I admit that as a Seattle sports fan, it is hard accustoming to fall becoming “hockey season,” but it is. The Kraken have come out swinging in their first week plus, posting a 3-3-2 record in their first eight games, giving them eight points (two per win, one per overtime loss), which lands them surprisingly in a tentative playoff spot. Admittedly, it’s a long season, but they’re playing competitive hockey against an arguably top-five-toughest schedule so far.
Of course, the game scores belie the big issue. The Kraken have allowed fewer than three goals in each of their wins, but they have allowed four or five goals in all five of their losses. When it rains, it pours in Seattle, and the Kraken are often on the receiving end of some serious offensive firepower.
That’s the story to watch, as it’s easy to attribute the criticism to goalie Philipp Grubauer. An amazing goalie in Colorado earlier in his career, he is in his second season with Seattle where he simply hasn’t produced at all. His .860 save percentage ties him at 58th of 65 qualified goalies in the NHL. However, the injury he suffered on Oct. 21 got him off the ice and gave a chance to the 33-year-old Martin Jones who posted an .870 save percentage over six games. While slightly better, this still only places him at number 55 on the leaderboard. The 16 goals Jones allowed rank 7th worst in the league, while the 123 shots against him rank 26th. The goaltending in Seattle is abysmal and will lose games.
With that said, the sun shines upon how the rest of the team operates. The entire offensive approach has proved very balanced over the young season. They are above average in goals and power play goals, scoring on a whopping 29 percent of their power play opportunities. Sixteen of 20 non-goalies on the roster have scored at least one goal. With assists factored in, every non-goalie on the team has at least one point.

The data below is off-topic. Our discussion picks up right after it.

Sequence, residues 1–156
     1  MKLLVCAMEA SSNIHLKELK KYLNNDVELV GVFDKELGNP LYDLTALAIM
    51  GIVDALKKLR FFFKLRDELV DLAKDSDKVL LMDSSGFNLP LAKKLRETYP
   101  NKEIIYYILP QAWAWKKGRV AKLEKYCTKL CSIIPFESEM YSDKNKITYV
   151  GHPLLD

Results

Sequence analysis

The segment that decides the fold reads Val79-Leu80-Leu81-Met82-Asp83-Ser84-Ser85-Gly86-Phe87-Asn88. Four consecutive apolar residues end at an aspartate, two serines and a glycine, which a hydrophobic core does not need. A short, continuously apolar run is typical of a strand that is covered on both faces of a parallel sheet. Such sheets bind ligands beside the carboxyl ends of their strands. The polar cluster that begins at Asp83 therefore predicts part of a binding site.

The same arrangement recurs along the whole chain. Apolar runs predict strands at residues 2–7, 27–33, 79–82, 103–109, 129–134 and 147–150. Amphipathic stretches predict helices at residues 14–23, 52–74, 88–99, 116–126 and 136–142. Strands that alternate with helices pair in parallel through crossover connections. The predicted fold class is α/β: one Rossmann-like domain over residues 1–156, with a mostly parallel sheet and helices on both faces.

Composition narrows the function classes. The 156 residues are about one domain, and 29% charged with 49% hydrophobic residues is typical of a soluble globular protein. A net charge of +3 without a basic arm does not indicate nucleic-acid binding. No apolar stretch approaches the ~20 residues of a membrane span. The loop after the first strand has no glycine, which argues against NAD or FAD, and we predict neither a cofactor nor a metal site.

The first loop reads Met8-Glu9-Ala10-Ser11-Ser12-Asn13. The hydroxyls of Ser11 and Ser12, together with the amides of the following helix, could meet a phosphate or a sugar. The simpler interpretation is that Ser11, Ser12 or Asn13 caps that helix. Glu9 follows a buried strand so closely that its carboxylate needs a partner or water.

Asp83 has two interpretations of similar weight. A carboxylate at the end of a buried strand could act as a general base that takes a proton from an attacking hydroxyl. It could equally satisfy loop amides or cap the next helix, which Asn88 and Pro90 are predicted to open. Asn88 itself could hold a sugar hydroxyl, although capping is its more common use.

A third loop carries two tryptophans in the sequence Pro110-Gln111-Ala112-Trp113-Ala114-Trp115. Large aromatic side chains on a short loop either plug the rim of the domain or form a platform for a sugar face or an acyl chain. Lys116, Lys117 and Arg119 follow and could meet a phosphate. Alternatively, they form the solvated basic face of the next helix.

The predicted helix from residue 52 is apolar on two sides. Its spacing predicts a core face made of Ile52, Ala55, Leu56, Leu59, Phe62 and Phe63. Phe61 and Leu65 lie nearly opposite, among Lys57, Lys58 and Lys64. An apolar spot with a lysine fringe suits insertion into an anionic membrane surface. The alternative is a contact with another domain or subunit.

Left wing Andre Burakovsky and right wing Oliver Bjorkstrand, both acquired in the offseason, have 11 points combined between them. The underlying numbers on Bjorkstrand’s shot percentage would imply that his contribution could continue to climb. Furthermore, Burakovsky is replicating the impressive performance he put up with the Colorado Avalanche, meaning the lack of star power around him hasn’t stifled his efficiency. They are both fantastic as individual players and gel well as a duo, quickly becoming the forward pair to watch on this team.
The major question mark currently surrounding this team is rookie Shane Wright, who was drafted fourth overall by the Kraken and hasn’t been given substantive time yet this season. In five games, he’s seen the ice for just under seven minutes on average each game. His box score remains largely empty save his singular shot and assist. What makes this particularly curious is how the Kraken didn’t come into this season with any championship expectations, so keeping such a highly touted pick out of consistent playtime implies a variety of interesting reasons.
Could the Kraken want Wright as healthy as he can be for a multi-year stretch? This is occasionally seen in basketball, but it rarely seems to factor into hockey. Could his personality conflict with his surrounding peers? No news has come out to support that. The only real obvious conclusion I can come to is that they don’t trust his ability to produce, which seems absurd. Regardless of the answer, him not seeing the ice on a team that isn’t truly contending is malpractice and should be fixed. With any luck, he will help make the Kraken a fun team to watch to get more Seattle fans into the sport.